TORONTO (AP) — Oil and gas company Nexen Energy apologized Friday for a pipeline break that spilled about 1.3 million gallons (five million liters) of a mixture of bitumen, water and sand at its Long Lake oilsands facility in northern Alberta this week.
The company, which was taken over by China's CNOOC Ltd. in 2013, said the affected area is about 172,000 square feet (16,000 square meters) along the pipeline's route.
BILLINGS, Mont. (AP) — Three tank cars leaked an estimated 35,000 gallons of oil after a train hauling crude from North Dakota derailed in rural northeastern Montana, the latest in a series of wrecks raising concerns across the U.S. and Canada, authorities said Friday.
No one was reported injured in the accident Thursday night that temporarily led to the evacuation of some homes and followed recent oil train crashes including a 2013 derailment in Quebec that exploded and killed 47 people.
The oil industry has submitted highly critical comments about a new rule intended to beef up offshore drilling safety in the wake of the Deepwater Horizon disaster in the Gulf of Mexico more than five years ago.
In a submission that rivaled the rule itself for length – more than 200 pages including attached appendices, diagrams and data tables – seven trade associations led by the American Petroleum Institute charged that some of the regulation’s provisions would increase risk instead of safety, “would impose unjustified economic burdens,” and “lack articulated rationale.”
WASHINGTON (AP) — Rising gasoline prices pushed inflation up modestly in June, leaving overall consumer prices higher than they were a year earlier for the first time since December.
Economists say the tick up in consumer prices makes it more likely the Federal Reserve will end a policy of keeping short-term interest rates near zero for more than six years. "Rebounding inflation combined with solid employment growth will likely lead the Fed to raise rates in September," said Gregory Daco, head of U.S. macroeconomics at Oxford Economics.
A continued North Sea oil outage was acting to support oil prices early Friday, although they remain on track to decline for a third week in a row. U.S. benchmark crude lost 4 cents to $50.87 a barrel in electronic trading on the Nymex, while in London Brent gained 15 cents to $57.07, Reuters reports.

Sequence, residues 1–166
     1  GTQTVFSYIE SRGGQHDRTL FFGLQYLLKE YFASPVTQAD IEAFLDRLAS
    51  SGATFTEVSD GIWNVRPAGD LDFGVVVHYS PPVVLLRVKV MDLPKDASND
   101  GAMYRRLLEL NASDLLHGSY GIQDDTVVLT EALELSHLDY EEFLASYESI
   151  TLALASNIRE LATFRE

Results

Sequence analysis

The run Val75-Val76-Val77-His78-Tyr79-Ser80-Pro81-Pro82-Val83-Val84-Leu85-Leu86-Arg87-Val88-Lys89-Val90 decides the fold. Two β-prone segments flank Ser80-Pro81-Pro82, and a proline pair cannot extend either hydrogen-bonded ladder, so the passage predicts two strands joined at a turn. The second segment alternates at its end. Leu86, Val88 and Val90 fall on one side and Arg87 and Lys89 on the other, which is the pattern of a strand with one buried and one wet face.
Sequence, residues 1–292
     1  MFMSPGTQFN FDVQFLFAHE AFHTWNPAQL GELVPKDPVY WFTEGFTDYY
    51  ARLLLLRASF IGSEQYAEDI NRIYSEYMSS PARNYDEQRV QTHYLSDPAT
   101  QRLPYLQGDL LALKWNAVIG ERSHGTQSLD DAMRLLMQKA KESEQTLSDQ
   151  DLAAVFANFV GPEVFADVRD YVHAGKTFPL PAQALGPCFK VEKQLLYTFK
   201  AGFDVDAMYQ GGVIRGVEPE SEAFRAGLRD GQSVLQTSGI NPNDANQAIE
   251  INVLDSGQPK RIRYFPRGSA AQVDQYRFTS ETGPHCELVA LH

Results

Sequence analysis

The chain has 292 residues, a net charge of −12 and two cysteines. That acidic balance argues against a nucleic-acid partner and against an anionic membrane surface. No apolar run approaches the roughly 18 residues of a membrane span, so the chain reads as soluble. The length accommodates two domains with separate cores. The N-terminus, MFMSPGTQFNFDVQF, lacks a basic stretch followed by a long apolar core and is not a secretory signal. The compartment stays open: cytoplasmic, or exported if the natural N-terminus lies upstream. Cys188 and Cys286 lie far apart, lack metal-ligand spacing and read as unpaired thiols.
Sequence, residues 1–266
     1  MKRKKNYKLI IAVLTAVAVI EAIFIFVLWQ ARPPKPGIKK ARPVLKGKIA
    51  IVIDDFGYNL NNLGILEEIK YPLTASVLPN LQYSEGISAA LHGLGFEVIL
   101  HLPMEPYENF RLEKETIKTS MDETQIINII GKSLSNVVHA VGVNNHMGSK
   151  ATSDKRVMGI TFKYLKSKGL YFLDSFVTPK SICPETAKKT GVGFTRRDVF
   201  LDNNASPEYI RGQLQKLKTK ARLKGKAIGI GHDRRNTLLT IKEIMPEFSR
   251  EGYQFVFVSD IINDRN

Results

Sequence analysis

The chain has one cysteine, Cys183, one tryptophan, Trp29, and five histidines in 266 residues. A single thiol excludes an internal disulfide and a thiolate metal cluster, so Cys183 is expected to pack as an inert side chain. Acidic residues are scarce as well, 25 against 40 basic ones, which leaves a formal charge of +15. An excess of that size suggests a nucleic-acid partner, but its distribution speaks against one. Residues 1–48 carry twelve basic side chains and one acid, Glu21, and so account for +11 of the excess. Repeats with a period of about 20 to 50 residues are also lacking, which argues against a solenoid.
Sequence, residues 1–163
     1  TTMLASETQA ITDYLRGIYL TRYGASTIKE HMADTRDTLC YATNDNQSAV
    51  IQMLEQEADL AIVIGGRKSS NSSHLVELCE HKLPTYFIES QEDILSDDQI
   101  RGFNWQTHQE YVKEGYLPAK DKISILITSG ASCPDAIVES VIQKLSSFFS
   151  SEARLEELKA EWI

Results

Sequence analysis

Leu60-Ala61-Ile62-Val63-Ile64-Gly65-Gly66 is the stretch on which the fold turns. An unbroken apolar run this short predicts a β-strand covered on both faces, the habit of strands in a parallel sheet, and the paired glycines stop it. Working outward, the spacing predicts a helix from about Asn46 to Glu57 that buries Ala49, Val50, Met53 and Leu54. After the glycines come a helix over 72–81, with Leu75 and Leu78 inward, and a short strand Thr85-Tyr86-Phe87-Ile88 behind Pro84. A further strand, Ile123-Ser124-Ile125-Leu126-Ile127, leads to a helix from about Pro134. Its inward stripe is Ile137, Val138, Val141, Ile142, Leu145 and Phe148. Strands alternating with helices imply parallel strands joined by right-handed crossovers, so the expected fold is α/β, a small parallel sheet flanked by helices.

ConocoPhillips says it will increase its dividend by a penny despite its operations being squeezed by lower crude prices, but it also announced further spending cutbacks that include ditching plans for some deepwater drilling in the Gulf of Mexico, The Wall Street Journal reports.
The drop in oil drilling activity has dented profits for top oilfield services company Schlumberger, which reported close to a 30 percent decline in second quarter net income compared to the period a year earlier. Still, its earnings of $1.21 a share came in substantially above estimates, FuelFix reports.
The Obama administration may be backing away from its insistence that future coal-burning power plants use carbon capture technology, settling instead on a requirement for ultra-supercritical technology in the Environmental Protection Agency's Clean Power Plan, E&E reports.
The U.S. Army Corps of Engineers argued that the Environmental Protection Agency's Clean Water Rule lacks a sound scientific basis in memos made public by the House Oversight and Government Reform Committee Thursday, The Hill reports.
The Department of Energy has agreed to rework its proposed efficiency standards for walk-in freezers and coolers, according to the Air-Conditioning, Heating and Refrigeration Institute, which says it has reached a settlement with the DOE over the issue, The Hill reports.
Sen. Martin Heinrich, D-N.M. says some other Democrats may be willing to go along with him and Sen. Angus King, I-Me., in a willingness to support legislation lifting the ban on U.S. crude exports if it also backs renewable energy such as wind and solar, E&E reports.
Despite data from the Energy Information Administration showing that U.S. crude production peaked at almost 9.7 million barrels a day in March, news of an increase in oil rig count this week piled more pressure on prices. U.S. benchmark crude slumped $1.40, or 2.9 percent, to settle at $47.12 a barrel on the Nymex, while in London, Brent dropped $1.10 to $52.26, its lowest settlement since January, The Wall Street Journal reports.
Chevron is getting nearly a third more oil and gas from its wells in the Permian Basin, and is paying less for oilfield services as well—but even so, its second quarter profits dove 90 percent on lower crude prices, FuelFix reports.
Hess has increased its production forecast for its Bakken Shale operations to up to 110,000 barrels of oil equivalent per day, despite the company dropping the number of rigs it’s operating in the play, Platts reports.
Many witnesses testifying at the first Interior Department hearing on the future of the federal coal program—which was attended by Secretary Sally Jewell—said they wanted to see higher royalty rates to raise more money for U.S. taxpayers, High Country News reports.
Senior creditors for Alpha Natural Resources Inc. will loan money to the beleaguered Virginia-based coal company to help it get through bankruptcy, a filing for which could come as early as Monday, Bloomberg reports.
Although Thursday’s peak demand of 67,624 megawatts didn’t break the all-time record as the Electric Reliability Council of Texas had feared, it's been a huge week for demand, and the grid operator expects high usage throughout the summer, FuelFix reports.